At this point in the semester, are you finding that some students still aren’t getting into the groove? This may be the right moment to reach those students who want to be in school but who aren’t catching on as to how to be successful.
If you’re like me, you’ve done the things we all try by this point in the semester:
- requested mid-semester feedback
- suggested tutoring
- encouraged students to go to the Nittany Success Center (NSC) for study skills workshops
- completed the Early Progress Reports with suggestions
- gotten a study group together via the NSC
- given weekly online quizzes that students can take multiple times to prepare for exams
And yet, there may still be (in freshmen gen eds especially) a number of students who just aren’t getting up to speed. Usually, the first exam brings on some panic, enough to change some behavior. But then, there may still be this persistent group, who actually could qualify for out-of-state status… because they may be in the state-of-DENIAL!! It hasn’t yet occurred to them that college is not high school and that a change in behavior is needed. Or they may know this, but just don’t know what to do about it!
I believe that there is a sub-group within this group that we can actually reach while there is still time to make a difference. I’m not talking about the truly unmotivated, those students who are in your classes under duress (parents made them) or aren’t mature enough yet to take on the responsibility of college… This is another discussion.
This post is about helping those students who want to be in college, and who truly lack the learning skills they need to cross over that high school to college gap. The good news is that these skills can be learned. Learning a new skill is never as effective as when it occurs in a real setting… so no better place to learn how to learn your class material than in your class!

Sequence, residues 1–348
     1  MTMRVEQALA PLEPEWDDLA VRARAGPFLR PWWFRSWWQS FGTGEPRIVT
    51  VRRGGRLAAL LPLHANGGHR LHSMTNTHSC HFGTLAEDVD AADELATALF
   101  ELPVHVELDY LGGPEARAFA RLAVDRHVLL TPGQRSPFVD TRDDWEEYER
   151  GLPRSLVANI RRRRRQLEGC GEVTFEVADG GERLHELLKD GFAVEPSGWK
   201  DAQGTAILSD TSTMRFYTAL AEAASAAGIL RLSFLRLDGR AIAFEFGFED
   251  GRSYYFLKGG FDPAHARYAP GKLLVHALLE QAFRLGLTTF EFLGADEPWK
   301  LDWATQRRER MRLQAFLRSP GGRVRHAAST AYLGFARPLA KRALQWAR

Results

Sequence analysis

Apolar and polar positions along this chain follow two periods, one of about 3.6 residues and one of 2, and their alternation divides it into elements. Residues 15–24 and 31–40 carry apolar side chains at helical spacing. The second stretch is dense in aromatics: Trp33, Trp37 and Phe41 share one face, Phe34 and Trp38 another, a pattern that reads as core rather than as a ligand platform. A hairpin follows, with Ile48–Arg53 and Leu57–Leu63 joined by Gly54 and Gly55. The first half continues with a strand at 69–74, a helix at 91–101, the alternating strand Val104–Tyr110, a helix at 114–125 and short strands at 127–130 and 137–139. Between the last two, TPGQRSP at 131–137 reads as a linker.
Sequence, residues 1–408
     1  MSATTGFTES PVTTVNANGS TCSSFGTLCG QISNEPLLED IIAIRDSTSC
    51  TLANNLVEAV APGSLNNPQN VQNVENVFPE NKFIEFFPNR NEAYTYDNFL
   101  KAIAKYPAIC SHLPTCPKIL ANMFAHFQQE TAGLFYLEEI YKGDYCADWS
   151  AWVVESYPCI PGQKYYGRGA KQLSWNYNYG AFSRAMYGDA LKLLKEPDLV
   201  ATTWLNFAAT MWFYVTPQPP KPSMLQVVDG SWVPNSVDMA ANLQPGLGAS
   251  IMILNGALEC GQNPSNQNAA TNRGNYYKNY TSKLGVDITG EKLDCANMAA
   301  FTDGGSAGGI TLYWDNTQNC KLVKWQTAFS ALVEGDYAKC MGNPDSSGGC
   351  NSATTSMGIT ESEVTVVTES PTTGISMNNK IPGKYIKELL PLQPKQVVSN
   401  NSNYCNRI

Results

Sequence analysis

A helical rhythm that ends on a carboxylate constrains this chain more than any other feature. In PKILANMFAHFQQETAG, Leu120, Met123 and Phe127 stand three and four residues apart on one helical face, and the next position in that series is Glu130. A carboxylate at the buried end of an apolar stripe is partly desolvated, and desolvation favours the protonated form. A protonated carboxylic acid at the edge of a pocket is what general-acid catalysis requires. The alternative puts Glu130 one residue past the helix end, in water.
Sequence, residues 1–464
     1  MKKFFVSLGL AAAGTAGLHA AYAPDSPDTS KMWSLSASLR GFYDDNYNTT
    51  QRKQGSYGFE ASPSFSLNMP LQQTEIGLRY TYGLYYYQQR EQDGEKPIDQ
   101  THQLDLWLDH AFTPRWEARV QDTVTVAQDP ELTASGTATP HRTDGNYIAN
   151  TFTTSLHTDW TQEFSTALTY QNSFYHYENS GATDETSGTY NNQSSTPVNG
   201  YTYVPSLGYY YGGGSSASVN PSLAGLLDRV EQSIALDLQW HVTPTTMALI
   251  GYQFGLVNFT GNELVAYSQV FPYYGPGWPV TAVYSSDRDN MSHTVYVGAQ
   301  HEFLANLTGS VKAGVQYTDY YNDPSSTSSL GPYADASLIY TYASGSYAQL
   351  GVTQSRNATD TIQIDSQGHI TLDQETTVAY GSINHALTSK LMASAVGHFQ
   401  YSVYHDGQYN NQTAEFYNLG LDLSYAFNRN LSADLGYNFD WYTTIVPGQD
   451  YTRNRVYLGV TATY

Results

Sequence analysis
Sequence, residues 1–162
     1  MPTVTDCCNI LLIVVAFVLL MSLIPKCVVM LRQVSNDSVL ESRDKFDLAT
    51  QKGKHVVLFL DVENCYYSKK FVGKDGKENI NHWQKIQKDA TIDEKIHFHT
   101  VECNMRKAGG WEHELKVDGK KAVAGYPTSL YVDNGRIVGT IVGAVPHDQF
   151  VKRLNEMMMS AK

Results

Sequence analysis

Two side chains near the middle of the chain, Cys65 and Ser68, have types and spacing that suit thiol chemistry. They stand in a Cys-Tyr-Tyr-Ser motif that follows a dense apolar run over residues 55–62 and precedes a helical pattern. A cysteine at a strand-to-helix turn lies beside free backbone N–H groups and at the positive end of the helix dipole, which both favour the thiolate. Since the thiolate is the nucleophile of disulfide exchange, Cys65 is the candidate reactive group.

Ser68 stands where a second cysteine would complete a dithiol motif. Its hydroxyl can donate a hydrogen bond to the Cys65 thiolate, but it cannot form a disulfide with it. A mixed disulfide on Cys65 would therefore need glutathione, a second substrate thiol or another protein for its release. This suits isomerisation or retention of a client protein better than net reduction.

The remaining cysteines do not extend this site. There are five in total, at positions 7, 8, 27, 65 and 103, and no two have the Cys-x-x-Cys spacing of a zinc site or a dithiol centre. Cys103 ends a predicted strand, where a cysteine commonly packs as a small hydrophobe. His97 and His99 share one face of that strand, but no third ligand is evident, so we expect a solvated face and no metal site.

One strategy you can try is an embedded coaching approach. Embedded, because it takes place within the regular meeting time of your course. Coaching, because you show them a learning skill that is effective for your content area. You explain it – show them how to do it – let them try it – give suggestions as they go along and talk about why it is effective – and then you let them experience the effectiveness in a real situation – a quiz, for example. They can see the effectiveness of the strategy. It builds confidence in their own ability to learn at the college level and sets a realistic expectation of what is needed to succeed. In reality, students may be spending the same amount of time, in either case… the results are just better! Coaching also involves encouragement and communicating tough truths.
This is what happened yesterday that prompted me to write this post.
In my English as a Second Language course, students are learning about academic writing, expectations of American college classrooms, and building their academic vocabularies. We use a vocab workbook and computer exercises to focus on 10 new academic words per week. Each week, they have a quiz on that chapter’s words. One bright student in the class kept doing consistently poorly on the vocab. I asked if the student was studying. To which the student replied, “Yes!” accompanied by a big sigh, and when asked what the student thought was the problem, the reply was simply, “I don’t understand.”